Word came out towards the end of 2011 that William ‘Whop’ Frazier had passed. I had known Whop for about two decades, although I cannot remember when I first saw him, but he played with about everybody playing blues and classic R&B around the Washington DC area. After working as a side man he joined a gospel group and later joined the Bad Influence Band, with whom he recorded his and their first album.
Whop then started his own band, Whop Frazier and Friends By Choice which played throughout the region over the past couple decades. It was always a solid band that would mix in a few R&B chestnuts along with classic and original blues. If Whop played with everybody, pretty much everyone played with Whop at times. Jesse Yawn often sang with Whop and tenor saxophonist Ron Holloway (formerly with Dizzy Gillespie and now touring with Warren Haynes) was a not infrequent guest in Whop’s band over the years. Drummer Earl Ivey and Washington keyboard legend Jackie Hairston were regulars in his group over the years although for specific gigs personnel could change.
|Whop Frazier and Friends By Choice Summer 2008 at Wilson Plaza in Washington DC. |
From left to right - Jackie Hairston, Whop Frazier, Earl Ivey and (I believe) Tom Newman.
Whop had a warm smile for everyone and it was felt when he sang. He reworked How Blue Can You Get, singing ‘bluesy’ instead of blues and made you feel so good. And he knew how to get the dance floor filled with renditions of Mustang Sally, and other classic R&B numbers like Some Kind of Wonderful or Turn Back The Hands Of Time. Guitarists Michael Tash and Bobby Thompson were among those who developed their chops playing with Whop while Tom Newman or Harold Flood was his featured guitarist over the past few years.
Whop was born August 31, 1943 in Washington DC. In an interview with Felix McLairen published in the December 2008 issue of the DC Blues Society’s newsletter, Capital Blues Messenger, Whop talked about his career and life noting that he “lived and grew up around 14th & U Streets. I hung out a lot and spent time around the Howard Theater just a few blocks from where I lived.”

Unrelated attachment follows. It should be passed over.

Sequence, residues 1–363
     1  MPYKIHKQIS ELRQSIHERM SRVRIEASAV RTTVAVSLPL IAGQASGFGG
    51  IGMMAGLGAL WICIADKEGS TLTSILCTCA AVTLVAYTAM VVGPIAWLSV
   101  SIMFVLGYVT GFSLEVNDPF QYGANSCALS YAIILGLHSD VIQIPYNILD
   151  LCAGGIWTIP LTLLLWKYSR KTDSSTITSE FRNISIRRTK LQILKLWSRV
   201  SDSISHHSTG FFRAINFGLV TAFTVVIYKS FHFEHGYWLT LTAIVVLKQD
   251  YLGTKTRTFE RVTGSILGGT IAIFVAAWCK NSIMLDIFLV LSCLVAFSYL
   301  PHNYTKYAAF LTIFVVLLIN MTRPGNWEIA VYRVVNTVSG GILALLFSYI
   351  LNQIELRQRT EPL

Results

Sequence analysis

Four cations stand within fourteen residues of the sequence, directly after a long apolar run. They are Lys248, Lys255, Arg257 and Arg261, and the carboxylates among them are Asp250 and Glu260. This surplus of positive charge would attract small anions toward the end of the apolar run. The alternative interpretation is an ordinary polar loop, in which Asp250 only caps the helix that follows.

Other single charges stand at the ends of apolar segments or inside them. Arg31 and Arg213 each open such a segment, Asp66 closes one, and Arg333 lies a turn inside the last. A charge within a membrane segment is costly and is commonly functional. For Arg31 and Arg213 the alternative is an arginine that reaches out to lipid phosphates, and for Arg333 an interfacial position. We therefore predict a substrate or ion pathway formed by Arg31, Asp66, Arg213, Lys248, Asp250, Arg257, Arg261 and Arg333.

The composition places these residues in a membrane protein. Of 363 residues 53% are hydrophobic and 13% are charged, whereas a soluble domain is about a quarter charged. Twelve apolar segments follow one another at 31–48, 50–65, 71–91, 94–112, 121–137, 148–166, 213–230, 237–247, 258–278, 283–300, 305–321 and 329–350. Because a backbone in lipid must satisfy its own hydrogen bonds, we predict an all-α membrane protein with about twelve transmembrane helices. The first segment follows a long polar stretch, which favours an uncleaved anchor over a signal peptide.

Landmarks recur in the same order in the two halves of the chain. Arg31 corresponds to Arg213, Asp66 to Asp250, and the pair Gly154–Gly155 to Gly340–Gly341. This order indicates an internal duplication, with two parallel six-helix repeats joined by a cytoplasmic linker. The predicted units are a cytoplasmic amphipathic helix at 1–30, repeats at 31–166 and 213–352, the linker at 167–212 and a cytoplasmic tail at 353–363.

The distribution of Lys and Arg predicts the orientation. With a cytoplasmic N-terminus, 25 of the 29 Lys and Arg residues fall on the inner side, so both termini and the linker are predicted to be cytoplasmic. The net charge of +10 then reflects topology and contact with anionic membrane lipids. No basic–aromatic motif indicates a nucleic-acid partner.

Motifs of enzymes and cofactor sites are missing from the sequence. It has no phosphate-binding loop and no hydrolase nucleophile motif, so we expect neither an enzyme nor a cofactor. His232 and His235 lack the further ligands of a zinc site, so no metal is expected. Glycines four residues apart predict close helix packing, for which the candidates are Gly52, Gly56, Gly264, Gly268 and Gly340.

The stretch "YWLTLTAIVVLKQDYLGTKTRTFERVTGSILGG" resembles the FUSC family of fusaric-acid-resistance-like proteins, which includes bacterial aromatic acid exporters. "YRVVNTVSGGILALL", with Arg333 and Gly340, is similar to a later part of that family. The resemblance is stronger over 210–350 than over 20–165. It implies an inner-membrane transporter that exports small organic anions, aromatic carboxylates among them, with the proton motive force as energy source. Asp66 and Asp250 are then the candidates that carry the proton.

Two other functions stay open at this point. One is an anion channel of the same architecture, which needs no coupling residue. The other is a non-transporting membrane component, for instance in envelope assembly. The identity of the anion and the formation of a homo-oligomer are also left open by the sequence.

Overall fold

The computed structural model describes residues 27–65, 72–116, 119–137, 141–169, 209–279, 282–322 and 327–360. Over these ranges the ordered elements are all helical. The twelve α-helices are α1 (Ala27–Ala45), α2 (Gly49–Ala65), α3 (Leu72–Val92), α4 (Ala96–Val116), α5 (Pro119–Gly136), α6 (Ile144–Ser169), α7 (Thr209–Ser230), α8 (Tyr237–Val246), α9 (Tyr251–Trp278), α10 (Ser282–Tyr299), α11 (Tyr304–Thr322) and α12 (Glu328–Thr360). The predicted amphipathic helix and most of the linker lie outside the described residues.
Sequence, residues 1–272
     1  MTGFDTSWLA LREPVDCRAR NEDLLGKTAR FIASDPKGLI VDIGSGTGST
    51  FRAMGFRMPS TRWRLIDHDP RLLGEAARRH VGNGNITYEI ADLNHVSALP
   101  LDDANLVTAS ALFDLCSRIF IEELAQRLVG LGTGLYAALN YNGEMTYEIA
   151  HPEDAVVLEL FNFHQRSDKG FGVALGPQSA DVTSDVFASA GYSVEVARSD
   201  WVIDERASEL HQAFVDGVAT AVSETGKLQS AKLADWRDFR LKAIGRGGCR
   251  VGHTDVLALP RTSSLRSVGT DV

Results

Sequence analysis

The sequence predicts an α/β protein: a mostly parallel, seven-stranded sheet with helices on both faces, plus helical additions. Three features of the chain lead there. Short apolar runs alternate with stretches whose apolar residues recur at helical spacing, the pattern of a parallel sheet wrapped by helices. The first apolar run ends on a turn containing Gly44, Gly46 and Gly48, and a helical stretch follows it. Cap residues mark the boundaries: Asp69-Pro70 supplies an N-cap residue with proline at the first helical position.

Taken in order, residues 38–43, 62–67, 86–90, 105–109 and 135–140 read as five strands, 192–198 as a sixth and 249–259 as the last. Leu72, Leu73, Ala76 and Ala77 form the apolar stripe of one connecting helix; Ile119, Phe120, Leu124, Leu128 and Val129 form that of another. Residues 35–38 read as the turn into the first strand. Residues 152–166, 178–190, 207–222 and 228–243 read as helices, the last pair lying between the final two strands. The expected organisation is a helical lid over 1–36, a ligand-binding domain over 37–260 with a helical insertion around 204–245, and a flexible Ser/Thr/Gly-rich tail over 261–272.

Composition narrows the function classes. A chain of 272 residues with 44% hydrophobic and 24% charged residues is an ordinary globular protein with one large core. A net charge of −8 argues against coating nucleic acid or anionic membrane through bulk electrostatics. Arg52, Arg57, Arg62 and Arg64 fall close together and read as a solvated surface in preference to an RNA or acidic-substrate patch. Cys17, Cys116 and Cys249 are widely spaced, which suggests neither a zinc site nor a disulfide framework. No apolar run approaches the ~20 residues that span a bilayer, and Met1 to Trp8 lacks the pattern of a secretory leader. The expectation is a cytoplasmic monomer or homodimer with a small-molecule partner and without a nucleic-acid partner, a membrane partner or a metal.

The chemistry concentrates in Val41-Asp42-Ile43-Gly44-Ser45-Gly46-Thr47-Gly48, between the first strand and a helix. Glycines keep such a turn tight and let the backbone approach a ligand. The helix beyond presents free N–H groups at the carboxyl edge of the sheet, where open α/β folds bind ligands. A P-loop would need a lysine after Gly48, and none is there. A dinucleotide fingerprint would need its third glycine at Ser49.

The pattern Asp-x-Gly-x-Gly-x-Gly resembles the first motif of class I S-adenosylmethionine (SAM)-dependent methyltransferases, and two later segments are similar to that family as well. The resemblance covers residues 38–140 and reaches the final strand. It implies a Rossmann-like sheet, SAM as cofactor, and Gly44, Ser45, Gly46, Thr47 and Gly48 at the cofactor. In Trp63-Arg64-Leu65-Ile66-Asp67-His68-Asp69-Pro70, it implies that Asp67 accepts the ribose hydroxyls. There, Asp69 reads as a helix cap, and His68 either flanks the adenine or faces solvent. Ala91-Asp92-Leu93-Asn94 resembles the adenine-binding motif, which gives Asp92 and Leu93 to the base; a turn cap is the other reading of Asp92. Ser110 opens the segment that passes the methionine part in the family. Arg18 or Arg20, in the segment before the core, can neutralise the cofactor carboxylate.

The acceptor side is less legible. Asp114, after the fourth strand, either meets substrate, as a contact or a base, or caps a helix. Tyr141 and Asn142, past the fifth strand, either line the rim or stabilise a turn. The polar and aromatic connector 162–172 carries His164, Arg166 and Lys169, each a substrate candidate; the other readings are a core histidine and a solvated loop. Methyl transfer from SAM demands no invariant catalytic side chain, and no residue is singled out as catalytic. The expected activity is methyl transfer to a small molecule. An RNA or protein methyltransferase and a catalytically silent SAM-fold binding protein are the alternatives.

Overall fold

“I became interested in music ‘cause I was hanging around musicians all the time. I was a young teenager when I started trying to play guitar and got tips from “Skip” Pitts. He was the guitarist who did the wah-wah thing for Isaac Hayes. He said my fingers were too long for the guitar and suggestedI take up electric bass. … I was gigging by the time I was about 14. I played at the Spa Club on 14th and T Streets. I also played the Coach Lounge where Billy Stewart sometime played. In fact, I dated Billy’s cousin for a while. I also played with Bill Harris at clubs on U Street.” Billy Stewart had a number of hits for Chess Records and Bill Harris was an original member of The Clovers as well as a pioneering jazz and blues guitarist.
He first went on the road at the age of 17 with Dee Clark. Locally he “played with Jesse Yawn, Eddie Daye & the 4 Bars. When I was in my early twenties I gigged with Little Royal, Wilson Pickett, and Pookie Hudson. … I started playing Top 40, jukebox tunes. I got into the Blues mostly when I got with Bobby Parker. Bobby was in his twenties and playing with a lot of [local and national] big names, like B.B. King. Later on I also did shows with Blues musicians like Junior Wells, James Cotton, and Bobby Blue Bland.” He stayed with Bobby for ten or so years playing the chitlin’ circuit and credited Bobby for getting him to sing.
Whop explained how he got his nickname, “Well, it came about for a couple reasons. I started out using a pick on the bass that made a whopping sound. But as a teenager I also was known for exaggerating. The guys laughed and talked about me telling whoppers of tales. One of ‘em suggested they call me Whop. The name stuck.”
|Memphis Gold, Harold Flood, Tom Principato and Whop Frazier at 2006 Columbia Pike Blues Festival|
Whop recorded at several albums that gave a sense of what he was like to hear live. They may not have been innovative, but full of his solid, heartfelt and ebullient blues and soul. His first album was with Bad Influence and then two self-released studio albums, Bathtub Blues and Here I Go Again. A performance at the Bluebird Blues Festival is available at itunes and amazon as a download. On this latter album harmonica player Roger Edsall joins the band with Harold Flood on guitar. Whop could be relied on for solidly played and always entertaining music. Even when not performing, he was there to attend and support other local bluesman. It was always great to see him, whether catching him perform or simply chatting with him. I am among the countless many who will miss him.
He died at the age of 68 on December 22, 2011 of complications from lung and bone cancer. He is survived by his loving wife, Dolores “DeDe” Frazier, four daughters, Amber M. Frazier, Shula Payton, Lisa Frazier, and Cynthia Brooks; three sons, William Frazier Jr., David Frazier, and Isaac Calhoun. He is also survived by 9 grandchildren and 2 great grandchildren.
Here is a youtube video Whop used for promotional purposes from 2010 with Jackie Hairston, Earl Ivey and Harold Flood on guitar.